The NHS Long Term Plan: first do no harm

By Savi Hensman
January 8, 2019

“As well as addressing today’s challenges, the NHS Long Term Plan sets the NHS up to seize the opportunities of the future”, claimed Matt Hancock, the health and social care secretary. But many others are sceptical.

This plan sets out what NHS England hopes to achieve in the next 10 years. Some aspects are good, others are more dubious or wishful thinking. Meanwhile harsh government policies continue to damage people’s health unnecessarily, undoing much hard work by staff, patients and carers.

As announced last June, funding is due to grow by an average of 3.4 per cent in real terms a year over the next five years, compared with two per cent in recent years, though still less than the average increase of 3.7 per cent since 1948. This would reduce the shortfall, though it is unclear that the money will be secured at a time of economic uncertainty.

Severe understaffing and the effects of austerity have left much of the NHS in crisis mode. The ongoing squeeze on social care and NHS continuing care have deepened misery for many and place hospital services under yet more strain. A pledge to strengthen community-based services will not plug the gap.

Measures to improve services such as mental health and maternity, especially for the most disadvantaged, are welcome, as is reducing air pollution and antibiotic overuse. Better care for people with learning disabilities or autism, improved vaccination and screening programmes and earlier treatment for people with cancer, heart disease or stroke would benefit many. Removing at least some of the laws promoting privatisation would be a welcome move.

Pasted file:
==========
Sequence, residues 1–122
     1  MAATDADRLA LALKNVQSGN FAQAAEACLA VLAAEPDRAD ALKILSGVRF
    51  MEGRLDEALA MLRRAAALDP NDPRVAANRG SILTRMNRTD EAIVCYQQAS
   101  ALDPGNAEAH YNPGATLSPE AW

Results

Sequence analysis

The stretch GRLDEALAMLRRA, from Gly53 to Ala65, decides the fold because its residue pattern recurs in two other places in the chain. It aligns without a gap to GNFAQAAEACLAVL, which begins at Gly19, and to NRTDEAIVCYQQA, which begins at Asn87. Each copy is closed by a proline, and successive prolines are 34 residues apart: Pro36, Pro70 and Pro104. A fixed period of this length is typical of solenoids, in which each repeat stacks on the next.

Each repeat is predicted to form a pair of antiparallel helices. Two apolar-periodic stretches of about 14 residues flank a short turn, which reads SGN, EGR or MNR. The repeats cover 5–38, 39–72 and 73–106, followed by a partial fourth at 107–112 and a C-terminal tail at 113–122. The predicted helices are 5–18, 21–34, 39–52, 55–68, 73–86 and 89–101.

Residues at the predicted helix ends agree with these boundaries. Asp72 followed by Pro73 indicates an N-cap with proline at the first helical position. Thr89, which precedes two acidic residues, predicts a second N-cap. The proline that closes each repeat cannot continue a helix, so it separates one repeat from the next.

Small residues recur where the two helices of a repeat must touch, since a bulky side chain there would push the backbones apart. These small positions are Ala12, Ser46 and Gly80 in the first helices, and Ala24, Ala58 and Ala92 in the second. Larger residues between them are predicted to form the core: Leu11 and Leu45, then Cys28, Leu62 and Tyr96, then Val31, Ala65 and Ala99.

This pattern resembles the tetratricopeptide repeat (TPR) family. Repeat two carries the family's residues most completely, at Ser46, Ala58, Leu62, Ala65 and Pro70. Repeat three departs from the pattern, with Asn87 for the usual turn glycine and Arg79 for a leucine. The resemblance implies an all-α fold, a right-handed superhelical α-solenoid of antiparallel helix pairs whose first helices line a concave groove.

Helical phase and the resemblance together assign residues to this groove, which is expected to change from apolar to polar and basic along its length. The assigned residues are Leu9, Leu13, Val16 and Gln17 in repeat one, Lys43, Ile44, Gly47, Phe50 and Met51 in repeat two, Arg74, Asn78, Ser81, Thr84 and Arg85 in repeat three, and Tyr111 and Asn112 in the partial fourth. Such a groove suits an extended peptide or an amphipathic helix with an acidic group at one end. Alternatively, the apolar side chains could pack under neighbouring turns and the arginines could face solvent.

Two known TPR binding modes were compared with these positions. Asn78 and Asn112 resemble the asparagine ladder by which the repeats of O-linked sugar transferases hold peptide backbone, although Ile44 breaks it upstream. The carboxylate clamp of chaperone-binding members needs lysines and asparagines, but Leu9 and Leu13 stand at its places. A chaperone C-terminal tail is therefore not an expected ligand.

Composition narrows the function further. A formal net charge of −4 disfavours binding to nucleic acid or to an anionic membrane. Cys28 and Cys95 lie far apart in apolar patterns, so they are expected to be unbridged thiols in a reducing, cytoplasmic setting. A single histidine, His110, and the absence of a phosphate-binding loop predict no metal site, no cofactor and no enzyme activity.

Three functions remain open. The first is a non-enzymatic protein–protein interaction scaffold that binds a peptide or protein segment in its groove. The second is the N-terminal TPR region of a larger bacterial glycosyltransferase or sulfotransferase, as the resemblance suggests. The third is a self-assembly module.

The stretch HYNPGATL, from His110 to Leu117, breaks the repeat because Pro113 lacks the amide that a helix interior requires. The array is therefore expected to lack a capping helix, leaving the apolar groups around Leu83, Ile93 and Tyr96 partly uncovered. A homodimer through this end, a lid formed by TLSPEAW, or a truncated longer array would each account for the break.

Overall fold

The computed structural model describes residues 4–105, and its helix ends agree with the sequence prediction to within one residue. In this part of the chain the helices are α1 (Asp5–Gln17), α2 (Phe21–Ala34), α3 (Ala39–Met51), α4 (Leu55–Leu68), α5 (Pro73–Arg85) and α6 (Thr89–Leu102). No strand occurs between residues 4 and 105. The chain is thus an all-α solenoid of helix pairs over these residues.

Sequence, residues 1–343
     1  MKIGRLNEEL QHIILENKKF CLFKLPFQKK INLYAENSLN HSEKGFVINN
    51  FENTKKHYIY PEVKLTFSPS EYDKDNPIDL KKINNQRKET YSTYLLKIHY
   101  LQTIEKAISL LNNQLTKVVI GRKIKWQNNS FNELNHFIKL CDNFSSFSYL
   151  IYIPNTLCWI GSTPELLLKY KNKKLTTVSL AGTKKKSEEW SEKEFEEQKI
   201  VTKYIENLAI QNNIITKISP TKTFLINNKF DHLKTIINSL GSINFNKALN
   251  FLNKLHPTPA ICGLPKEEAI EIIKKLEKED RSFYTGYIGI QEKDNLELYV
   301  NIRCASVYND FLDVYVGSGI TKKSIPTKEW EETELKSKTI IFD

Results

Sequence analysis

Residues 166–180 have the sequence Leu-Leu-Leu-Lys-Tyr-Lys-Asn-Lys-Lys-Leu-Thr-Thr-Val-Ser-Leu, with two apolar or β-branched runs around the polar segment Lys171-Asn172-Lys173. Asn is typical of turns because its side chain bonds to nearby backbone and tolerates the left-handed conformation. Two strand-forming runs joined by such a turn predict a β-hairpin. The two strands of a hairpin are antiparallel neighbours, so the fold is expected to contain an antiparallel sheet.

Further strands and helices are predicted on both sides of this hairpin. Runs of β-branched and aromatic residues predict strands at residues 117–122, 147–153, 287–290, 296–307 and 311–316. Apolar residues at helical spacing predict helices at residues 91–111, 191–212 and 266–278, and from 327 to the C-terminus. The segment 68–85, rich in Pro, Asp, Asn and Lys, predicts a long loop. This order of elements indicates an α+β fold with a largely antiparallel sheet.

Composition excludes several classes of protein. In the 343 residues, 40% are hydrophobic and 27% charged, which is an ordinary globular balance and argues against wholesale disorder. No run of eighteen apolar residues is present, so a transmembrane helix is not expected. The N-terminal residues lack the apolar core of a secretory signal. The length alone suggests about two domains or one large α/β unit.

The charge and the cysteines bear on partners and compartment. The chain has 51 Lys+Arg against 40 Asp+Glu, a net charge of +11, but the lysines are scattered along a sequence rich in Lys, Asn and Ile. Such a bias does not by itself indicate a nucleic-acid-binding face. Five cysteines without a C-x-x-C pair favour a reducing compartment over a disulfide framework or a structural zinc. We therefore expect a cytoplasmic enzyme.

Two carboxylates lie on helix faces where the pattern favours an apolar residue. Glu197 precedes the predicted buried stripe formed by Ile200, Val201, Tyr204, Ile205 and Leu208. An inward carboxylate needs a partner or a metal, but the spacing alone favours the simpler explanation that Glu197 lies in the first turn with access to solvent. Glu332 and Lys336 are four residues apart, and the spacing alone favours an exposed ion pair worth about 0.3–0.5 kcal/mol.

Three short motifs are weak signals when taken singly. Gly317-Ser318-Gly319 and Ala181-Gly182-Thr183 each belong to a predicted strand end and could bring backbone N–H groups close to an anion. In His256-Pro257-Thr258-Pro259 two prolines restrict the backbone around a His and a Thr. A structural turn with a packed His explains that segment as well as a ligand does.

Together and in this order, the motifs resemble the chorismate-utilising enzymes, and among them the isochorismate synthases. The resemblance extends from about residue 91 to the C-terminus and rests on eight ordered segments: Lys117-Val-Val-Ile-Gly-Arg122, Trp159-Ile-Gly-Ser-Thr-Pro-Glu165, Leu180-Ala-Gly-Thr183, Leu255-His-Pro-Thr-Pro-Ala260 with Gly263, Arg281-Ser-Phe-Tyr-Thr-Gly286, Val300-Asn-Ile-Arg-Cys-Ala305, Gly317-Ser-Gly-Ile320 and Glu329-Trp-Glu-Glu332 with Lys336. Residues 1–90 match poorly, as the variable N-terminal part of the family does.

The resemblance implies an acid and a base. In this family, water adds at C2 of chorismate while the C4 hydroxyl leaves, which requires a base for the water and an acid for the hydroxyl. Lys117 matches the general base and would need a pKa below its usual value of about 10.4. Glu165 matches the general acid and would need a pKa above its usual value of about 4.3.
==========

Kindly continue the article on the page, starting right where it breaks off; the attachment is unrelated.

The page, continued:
Yet pressing ahead with forms of ‘integrated’ care in which local people have little or no say would be unhelpful. So would over-reliance on new technology, long-distance consultations and genetics and on individual self-care; building trusting relationships with skilled professionals and strengthening public health can be vital. Experience has shown that ambitious plans which do not pay enough attention to the views and knowledge of those on the frontline – staff, patients, carers, communities – often fail.

Above all, it is time for the government to tackle the changes in law and public policy which undermine health, especially for those at risk because of poverty or being in a minority. A social security system which arbitrarily leaves adults and children destitute, low pay and insecurity for many workers, lack of decent affordable housing and struggling public services (including child protection) harm bodies and minds.

The ‘hostile environment’ for migrants, which has affected ethnic minorities more widely, and negativity to disabled people promoted by politicians and some media, have made matters worse. Heavy pressure on numerous public and private sector workers, in a constant attempt to squeeze more out of them, has deepened stress.

'First do no harm' is one of the principles of an oath taken by doctors in ancient Greece and is still an aspect of medical ethics. Perhaps this should be rolled out to those in charge of health services.

Justice and mercy are important for physical and mental, as well as spiritual, health. Though NHS leaders are understandably trying to do what they can with an overstretched – if slightly less inadequate – budget, major problems remain.


© Savitri Hensman is an Ekklesia associate and respected commentator on welfare and other issues. She is author of the book Sexuality, struggle and saintliness: same-sex love and the church (Ekklesia, 2016): http://www.ekklesia.co.uk/node/22613 and has been involved in seeking greater inclusion. She wrote on ‘Health or Wealth?’ in Feast or Famine? (http://dltbooks.com/titles/2195-9780232532616-feast-or-famine)

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